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Give access to healthcare and respect humanitarian law!

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July 6, 2017

(Paris, July 4th 2017) To the occasion of the international meetings on the Syrian crisis in Astana (July 4th and 5th), in Hamburg (G20 on July 7th and 8th) and in Geneva (July 10th), Doctors of the World – Médecins du Monde (MdM) warns about the extent of the humanitarian crisis, the growing needs and their dramatic consequences on the health sector. Access to healthcare is a constant challenge for civilians and humanitarian staff. Protection of medical facilities and health staff must be respected.

Whereas the Syrian crisis has been persisting for 7 years, civilians are still the first targets of a conflict marked by one of the largest number of people displaced since last world war.

According to the United Nations, 13.5 million people need humanitarian aid. Among this number, 6,3 million are displaced within the Syrian territory and 4.6 million are in remote areas and their protection is seriously threatened. Fundamental rights such as access to healthcare, water and food are violated. Humanitarian actors are very often denied access to these areas and permissions to proceed to urgent medical evacuations. This aggravates the suffering and the excessive death rate of civilian populations. “Humanitarian access to these conflict areas is a constant challenge for MdM. This access must be guaranteed and respected to be able to provide healthcare, which is strongly needed by the population”, declares doctor Françoise Sivignon, president of MdM.

Since the beginning of the year, MdM and its partners have provided more than 300,000 medical consultations in Syria and 150,000 in neighboring countries, under sometimes extremely difficult conditions.

The consequences of the conflict on the health sector are dramatic. There are huge needs: almost 60% of Syrian people are affected by physical and mental trauma. By stopping the delivery of medical supplies and medicines, health is used as a real weapon of war. In this way, 477 attacks targeted medical facilities[i], making it impossible for the civilian population to have access to primary healthcare[ii]. More than a half of medical facilities are destroyed, 820 medical staff members were killed between March 2011 and late May 2017. The key point for every stakeholder must be the protection of facilities still available and the protection of professionals risking their lives to provide care.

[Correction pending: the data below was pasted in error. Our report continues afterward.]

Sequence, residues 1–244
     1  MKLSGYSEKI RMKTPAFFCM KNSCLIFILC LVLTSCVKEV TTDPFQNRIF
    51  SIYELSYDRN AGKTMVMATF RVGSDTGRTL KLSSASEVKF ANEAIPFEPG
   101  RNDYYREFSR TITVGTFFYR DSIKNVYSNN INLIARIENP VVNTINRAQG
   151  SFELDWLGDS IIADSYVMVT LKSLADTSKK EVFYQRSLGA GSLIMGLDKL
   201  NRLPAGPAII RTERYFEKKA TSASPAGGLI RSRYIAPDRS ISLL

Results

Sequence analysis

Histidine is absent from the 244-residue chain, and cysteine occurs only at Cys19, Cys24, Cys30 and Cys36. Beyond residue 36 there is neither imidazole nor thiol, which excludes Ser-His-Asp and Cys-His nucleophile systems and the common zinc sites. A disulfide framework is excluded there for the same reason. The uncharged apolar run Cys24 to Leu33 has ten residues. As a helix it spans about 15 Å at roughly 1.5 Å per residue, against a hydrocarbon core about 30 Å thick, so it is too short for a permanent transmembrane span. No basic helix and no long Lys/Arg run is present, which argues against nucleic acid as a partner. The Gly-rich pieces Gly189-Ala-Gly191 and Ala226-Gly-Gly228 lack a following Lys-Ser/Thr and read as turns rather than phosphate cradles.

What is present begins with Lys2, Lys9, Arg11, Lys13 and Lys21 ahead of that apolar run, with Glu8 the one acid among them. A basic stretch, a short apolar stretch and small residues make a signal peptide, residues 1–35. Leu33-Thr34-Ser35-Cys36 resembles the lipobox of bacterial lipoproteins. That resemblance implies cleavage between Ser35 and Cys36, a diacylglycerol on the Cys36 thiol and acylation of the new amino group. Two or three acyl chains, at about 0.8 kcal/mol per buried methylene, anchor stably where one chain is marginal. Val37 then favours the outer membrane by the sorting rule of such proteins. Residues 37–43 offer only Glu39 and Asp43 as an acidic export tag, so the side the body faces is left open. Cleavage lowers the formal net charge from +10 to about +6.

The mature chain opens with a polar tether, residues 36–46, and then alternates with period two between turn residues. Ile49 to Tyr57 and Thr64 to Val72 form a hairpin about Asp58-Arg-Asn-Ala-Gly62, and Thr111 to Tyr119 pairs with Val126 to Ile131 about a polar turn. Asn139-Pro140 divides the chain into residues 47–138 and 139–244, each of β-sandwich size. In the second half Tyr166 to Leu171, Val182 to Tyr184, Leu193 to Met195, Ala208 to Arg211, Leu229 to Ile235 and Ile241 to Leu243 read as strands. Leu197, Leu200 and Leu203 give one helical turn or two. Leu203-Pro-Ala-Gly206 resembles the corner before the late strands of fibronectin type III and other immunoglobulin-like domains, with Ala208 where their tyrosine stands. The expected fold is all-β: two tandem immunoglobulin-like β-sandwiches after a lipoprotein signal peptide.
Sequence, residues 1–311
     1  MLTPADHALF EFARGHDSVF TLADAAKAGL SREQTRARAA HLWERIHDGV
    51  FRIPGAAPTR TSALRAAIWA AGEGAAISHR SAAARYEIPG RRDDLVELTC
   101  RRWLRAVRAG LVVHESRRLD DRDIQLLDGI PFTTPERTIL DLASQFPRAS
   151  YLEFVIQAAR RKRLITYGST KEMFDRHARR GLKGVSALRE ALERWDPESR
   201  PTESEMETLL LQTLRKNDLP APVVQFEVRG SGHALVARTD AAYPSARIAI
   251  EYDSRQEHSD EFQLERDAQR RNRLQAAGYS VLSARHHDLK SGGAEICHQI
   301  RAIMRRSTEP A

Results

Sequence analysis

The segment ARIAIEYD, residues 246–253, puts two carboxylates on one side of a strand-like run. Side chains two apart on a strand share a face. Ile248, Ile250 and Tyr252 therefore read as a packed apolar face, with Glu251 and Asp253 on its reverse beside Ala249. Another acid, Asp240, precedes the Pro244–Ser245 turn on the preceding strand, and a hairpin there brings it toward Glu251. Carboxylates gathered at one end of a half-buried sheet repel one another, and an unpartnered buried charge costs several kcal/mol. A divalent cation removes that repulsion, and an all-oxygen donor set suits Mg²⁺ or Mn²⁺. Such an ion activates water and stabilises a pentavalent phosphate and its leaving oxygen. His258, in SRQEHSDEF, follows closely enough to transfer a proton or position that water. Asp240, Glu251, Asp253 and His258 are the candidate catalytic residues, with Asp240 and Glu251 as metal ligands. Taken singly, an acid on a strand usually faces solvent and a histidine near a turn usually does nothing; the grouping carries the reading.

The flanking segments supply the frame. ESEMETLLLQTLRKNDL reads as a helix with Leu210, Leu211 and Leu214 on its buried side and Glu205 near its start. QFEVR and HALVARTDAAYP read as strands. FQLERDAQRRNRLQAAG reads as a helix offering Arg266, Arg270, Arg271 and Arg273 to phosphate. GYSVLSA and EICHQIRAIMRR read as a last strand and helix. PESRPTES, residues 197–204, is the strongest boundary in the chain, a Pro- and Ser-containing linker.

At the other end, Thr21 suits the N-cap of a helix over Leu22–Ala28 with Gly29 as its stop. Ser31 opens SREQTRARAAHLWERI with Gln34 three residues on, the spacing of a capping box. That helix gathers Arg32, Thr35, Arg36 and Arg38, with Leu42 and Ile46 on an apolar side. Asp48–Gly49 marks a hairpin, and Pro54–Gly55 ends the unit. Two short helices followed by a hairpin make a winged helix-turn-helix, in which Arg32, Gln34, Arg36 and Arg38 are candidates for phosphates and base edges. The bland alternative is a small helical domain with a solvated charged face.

Finally, the huge number of refugees in neighboring countries, notably Turkey, Lebanon and Jordan, where MdM takes action, undermines the health system, with dramatic consequences on the global care and treatment of patients.

In response to this barbaric situation, MdM asks the stakeholders, during the current and coming international meetings, to:

  • Make people obey international humanitarian law and duty to protect medical facilities and staff.
  • Give access to conflict areas to humanitarian aid organisations, while respecting their impartiality: crossing points must be open and protected.
  • Facilitate access to healthcare for populations affected by the conflict in Syria and neighboring countries
  • Amend the agreement on de-escalation areas to guarantee the civilians’ security in indicated places, protected from any external assault. The initiative must be multilateral and will only be effective if all actors agree and commit themselves. Stakeholders must clearly define the responsibilities, duties and restrictions to be required from the parties involved in the conflict, together with the actions to take if the agreement is not observed. 

Press contacts

Aurélie Defretin / Lisa Veran –  presse@medecinsdumonde.net

+33 (0)1 44 92 13 81 /+33 (0)6 09 17 35 59


[i][i] Physicians for Human Rights. Through evidence change is possible. Findings as of May 2017.

[ii] Despite the adoption of the resolution 2286 of the UN Security Council (May 3rd 2016), which condemns the attacks against medical facilities and staff, attacks against hospitals, doctors and patients have reached the number of 136 targeted facilities in 2016.





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